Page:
THE AMENDMENT OF THE EDUCATION ACTS.
[To THE EDITOR OP THE "SPECTATOR."] SIR,—As one greatly interested in the education question from the administrative and historical points of view, it appears to me that the main difficulties of the present position might easily be dissipated by the introduction of a Bill dealing, not with principles, but with administrative
The fundamental claims of the Liberal party were, in effect, met by the Act of 1902, which placed what is popularly known as secular education under complete public control. The grievance left by the Act was the absence of safeguards in view of the fact that the local education authority did not appoint the majority of the managers of the voluntary schools, and that the appointment of head-teachers in such schools was therefore not controlled by the representatives of the public. Those responsible for the Act of 1902 refused to give the local education authority a majority of the managers on the ground that it might lead to the destruction of the denominational character of some, or many, or all, of the voluntary schools, and that a possible invasion of the rights of private property could not be sanctioned. Cannot machinery be devised to reconcile the two positions ? There is, I submit, no real issue, for the parties never come face to face. Since 1902 both parties have practically agreed that denominational education is not to be paid for out of the rates, and both parties are equally agreed that it is only just for children to be given the denominational education desired by the parents. Both parties are now at one in principle. The friction in working out the principle is all that has to be removed.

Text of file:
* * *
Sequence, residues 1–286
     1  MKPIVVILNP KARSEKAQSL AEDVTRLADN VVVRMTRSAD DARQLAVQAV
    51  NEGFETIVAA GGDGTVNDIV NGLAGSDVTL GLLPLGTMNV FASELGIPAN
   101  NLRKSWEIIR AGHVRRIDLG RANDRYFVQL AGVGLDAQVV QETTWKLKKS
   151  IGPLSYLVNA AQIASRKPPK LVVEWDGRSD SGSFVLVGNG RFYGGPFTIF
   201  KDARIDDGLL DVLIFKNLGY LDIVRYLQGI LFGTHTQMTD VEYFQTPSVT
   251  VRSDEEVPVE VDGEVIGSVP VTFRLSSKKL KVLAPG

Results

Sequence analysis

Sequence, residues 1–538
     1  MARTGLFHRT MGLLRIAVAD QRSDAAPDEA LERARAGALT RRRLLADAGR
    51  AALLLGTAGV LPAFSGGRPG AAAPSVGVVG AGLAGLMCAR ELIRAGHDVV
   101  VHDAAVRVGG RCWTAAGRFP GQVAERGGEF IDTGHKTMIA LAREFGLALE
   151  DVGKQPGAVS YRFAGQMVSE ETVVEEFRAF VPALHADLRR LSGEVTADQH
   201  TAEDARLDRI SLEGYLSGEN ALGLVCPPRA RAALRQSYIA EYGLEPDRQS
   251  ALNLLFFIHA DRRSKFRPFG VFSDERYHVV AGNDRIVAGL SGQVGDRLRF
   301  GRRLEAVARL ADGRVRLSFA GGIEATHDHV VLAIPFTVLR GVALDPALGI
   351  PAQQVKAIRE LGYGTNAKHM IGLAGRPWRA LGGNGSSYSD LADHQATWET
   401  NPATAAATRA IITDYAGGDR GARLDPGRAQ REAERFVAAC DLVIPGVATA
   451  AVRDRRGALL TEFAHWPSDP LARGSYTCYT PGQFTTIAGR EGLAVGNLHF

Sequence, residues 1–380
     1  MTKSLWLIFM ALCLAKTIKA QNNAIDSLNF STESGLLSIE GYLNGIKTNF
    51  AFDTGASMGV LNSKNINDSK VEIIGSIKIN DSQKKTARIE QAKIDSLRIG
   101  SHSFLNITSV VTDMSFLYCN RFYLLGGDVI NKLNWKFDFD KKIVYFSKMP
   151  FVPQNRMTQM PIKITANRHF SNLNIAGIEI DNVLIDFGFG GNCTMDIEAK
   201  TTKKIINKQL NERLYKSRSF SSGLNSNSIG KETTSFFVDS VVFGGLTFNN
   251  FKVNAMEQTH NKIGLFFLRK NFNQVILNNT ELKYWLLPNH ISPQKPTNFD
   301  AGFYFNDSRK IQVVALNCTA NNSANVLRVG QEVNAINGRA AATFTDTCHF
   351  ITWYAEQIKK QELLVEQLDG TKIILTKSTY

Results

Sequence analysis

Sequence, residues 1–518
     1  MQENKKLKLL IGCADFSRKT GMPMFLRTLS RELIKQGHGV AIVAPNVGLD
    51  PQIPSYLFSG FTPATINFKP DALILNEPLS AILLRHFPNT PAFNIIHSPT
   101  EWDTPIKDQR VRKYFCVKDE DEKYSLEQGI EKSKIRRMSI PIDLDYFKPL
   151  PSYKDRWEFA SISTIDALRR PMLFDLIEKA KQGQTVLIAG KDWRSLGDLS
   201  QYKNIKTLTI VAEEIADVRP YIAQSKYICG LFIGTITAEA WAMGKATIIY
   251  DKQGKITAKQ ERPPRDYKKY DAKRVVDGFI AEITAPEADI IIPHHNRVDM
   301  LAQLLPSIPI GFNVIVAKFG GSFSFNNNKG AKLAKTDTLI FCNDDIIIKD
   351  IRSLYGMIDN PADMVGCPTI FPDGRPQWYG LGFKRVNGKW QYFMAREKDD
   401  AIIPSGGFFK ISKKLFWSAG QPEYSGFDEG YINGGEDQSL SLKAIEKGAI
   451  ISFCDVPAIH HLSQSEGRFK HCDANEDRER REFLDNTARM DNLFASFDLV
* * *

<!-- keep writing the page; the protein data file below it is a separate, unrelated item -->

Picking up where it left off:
Why, then, cannot we have a Bill that will give to the local education authority the right to appoint a majority of the managers of the voluntary schools, and the consequent control of the appointment of the head-teachers, and that will at the same time provide against an inequitable abuse of such control? The consent of the Board of Educa- tion should be required to the appointment or dismissal of a head-teacher whenever the foundation managers, on grounds connected with the giving of religious instruction, lodge an objection with the Board to such appointment or dismissal. The Board of Education should have power to withhold their con- sent to an appointment so objected to on the ground that the teacher in question does not, in the opinion of the Board, belong to the denomination named in the trust-deed belonging to the school. The Board should, on the other hand, also have power to consent to the appointment of such a teacher where the appoint- ment can be sustained on equitable grounds, but should in that event limit his teaching powers solely to secular instruction, coupled with the religious instruction of children of his own denomination. In such a case the foundation managers would provide for the giving of religious instruction to the residue of the children in accordance with the trust-deed, and the cost (if any) of such instruction would be defrayed out of moneys provided by Parliament in every case in which a grant for that purpose would be, in the opinion of the Board of Education, equitable and necessary. There would, in fact, be very few appeals against appointments and dismissals. In the immense majority of cases the public managers would join with the foundation managers in making equitable appointments. My own experience shows me how well men and women of varying de- nominations work together on small Boards, and how desirous all are to arrive at just conclusions.